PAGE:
Dublin offers transportation options galore. From trams to buses to a great bike share program, this city makes itself easy to navigate, whatever your preferred mode of transit may be.
Getting Around Dublin
Two tram lines operate in Dublin. The two lines do not intersect. The red line runs from the Docklands through central Dublin and down to Tallaght and Saggart. The green line runs from St. Stephen's Green in the center to Brides Glen. Single journeys range from €1.50 to €2.80 for adults and €.80 to €1 for children. Ticket price is determined by the length of the trip and time of travel.
Flexi tickets allow unlimited travel in all zones and on both the red and green lines. A one-day flexi ticket costs €6 for adults (€2.50 for kids) and a seven-day flexi ticket costs €22 (€7.50 for kids) For more information visit www.luas.ie.
Dublin runs five commuter train lines. DART (the green line, or Dublin Area Rapid Transit) runs through the city and connects at various points with four suburban lines, the South Eastern Suburban (red line), Northern Suburban (blue line), Western Suburban (yellow line) and Kildare Suburban (orange line). Fares run from €2 to €4.70 for adults (€1 to €1.95 for children). For more information visit the Irish Rail Web site.
Dublin's bus network operates almost 200 lines across the city and into surrounding areas. Single fares cost between €.60 and €1.40 for adults and between €.60 and €.75 for children. “Rambler” tickets allow unlimited travel and cost €6 for a one-day pass, €13.50 for three days and €22 for five days.
There is also a “Freedom” tourist ticket, which costs €26 (€10 for children) and includes three days of unlimited bus travel, plus access to the Hop-on/Hop-off tourist bus and the airport bus, Airlink. For more information visit the Dublin Bus Web site.
Combi tickets are valid for unlimited travel through all zones on Dublin Bus and both Luas lines. A one-day pass costs €7.50 and €6.50 for children. The seven-day pass costs €30 for adults and €8 for children.
Taxis begin with a starting charge of €4.10 (€4.45 at night and on holidays) and increase by €1.05 for every kilometer (€1.35 at night and on holidays).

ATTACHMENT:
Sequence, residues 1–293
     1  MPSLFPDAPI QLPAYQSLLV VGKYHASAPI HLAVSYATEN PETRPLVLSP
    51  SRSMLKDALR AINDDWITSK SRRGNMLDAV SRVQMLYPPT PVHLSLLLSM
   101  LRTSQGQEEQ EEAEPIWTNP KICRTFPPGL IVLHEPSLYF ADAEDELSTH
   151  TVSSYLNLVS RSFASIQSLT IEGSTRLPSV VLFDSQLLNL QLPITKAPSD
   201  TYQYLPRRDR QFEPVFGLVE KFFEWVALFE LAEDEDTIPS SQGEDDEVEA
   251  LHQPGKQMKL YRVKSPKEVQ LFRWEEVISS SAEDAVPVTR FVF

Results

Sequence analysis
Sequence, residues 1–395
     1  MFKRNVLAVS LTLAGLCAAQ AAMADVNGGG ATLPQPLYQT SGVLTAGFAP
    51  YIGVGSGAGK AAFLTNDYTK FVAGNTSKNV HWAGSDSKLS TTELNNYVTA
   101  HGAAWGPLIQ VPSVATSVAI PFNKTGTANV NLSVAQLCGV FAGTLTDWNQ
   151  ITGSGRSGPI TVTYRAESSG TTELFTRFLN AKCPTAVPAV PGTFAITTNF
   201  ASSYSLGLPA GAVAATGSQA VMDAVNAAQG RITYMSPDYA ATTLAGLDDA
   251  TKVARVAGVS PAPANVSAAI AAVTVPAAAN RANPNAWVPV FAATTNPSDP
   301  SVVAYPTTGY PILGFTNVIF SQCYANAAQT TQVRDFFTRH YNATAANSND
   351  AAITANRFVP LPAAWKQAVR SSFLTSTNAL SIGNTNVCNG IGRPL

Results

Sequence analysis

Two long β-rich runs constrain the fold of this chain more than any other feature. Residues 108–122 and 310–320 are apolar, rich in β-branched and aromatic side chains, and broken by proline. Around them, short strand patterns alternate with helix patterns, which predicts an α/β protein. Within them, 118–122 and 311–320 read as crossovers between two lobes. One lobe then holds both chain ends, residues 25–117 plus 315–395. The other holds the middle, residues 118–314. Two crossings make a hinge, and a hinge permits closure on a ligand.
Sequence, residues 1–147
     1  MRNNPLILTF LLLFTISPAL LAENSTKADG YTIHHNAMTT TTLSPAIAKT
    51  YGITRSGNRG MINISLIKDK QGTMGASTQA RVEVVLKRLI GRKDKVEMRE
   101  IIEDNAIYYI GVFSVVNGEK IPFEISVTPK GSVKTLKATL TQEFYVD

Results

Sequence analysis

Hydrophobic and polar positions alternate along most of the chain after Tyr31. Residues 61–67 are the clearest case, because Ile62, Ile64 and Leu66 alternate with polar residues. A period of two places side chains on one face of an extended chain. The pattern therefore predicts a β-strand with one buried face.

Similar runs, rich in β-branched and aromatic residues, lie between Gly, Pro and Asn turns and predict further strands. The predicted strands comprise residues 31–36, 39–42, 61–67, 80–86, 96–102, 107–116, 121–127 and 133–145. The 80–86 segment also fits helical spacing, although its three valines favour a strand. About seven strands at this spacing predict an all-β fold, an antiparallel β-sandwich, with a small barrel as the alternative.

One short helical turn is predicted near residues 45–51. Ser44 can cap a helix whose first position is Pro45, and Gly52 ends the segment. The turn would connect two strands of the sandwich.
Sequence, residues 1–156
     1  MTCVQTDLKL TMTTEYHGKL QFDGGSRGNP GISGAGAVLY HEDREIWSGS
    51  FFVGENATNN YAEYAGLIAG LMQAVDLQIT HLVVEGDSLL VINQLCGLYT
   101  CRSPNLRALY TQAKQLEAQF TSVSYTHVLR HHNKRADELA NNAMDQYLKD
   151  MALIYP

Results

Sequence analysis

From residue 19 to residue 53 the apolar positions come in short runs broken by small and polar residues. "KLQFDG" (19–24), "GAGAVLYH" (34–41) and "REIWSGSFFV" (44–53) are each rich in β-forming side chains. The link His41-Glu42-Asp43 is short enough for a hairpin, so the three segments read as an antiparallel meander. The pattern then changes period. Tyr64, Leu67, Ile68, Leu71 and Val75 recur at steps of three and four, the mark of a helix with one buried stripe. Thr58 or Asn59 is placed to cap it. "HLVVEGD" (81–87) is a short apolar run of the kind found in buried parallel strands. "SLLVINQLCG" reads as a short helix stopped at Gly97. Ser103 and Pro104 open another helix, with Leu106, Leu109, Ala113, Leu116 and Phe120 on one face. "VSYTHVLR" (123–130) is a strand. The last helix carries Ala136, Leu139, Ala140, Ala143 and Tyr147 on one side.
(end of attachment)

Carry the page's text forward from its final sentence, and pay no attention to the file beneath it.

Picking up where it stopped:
By Foot and Bike
We always tout walking as the best way to get around a city, and this is especially so in Dublin. It’s a relatively compact city, and the sights make it very conducive to strolling.
If you’d rather cruise the city, though, that’s easy too. Dublin Bikes, the city’s bike share program, has 44 “db” stations throughout the city, many near popular attractions. You can purchase a three-day pass right at any stand. The pass costs just €2 and the first 30 minutes on the bike is free.
If you go beyond 30 minutes without returning the bike, you will be charged €.50 for an hour, €1.50 for two hours and so on. (To avoid fees, simply return your bike after the half hour and rent a new one—you’ll have another free 30 minutes.) For more information, see our detailed post on Dublin Bikes.
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From our Dublin blog
Who are we? EuroCheapo is a guide to the best budget hotels in Dublin and throughout Europe. Our editors have visited, inspected and photographed the city’s most central cheap sleeps and recommended the best of the lot. Our aim is to make Dublin affordable for you, one night at a time!
Dublin is a pricey city (yes, restaurant bills can occasionally shock), but it also offers many budget-friendly options for eating, sightseeing, nightlife and, of course, sleeping. The city presents a host of hotels, B&Bs and hostels that should work for visitors of every stripe. And many include yummy Irish breakfasts, to boot!
Getting started: To jump right in, start by reading through our reviews of hotels in Dublin. If you need some help choosing a neighborhood, our neighborhood overview's got you covered. And check out the articles listed below for tips on how to save while you’re visiting.
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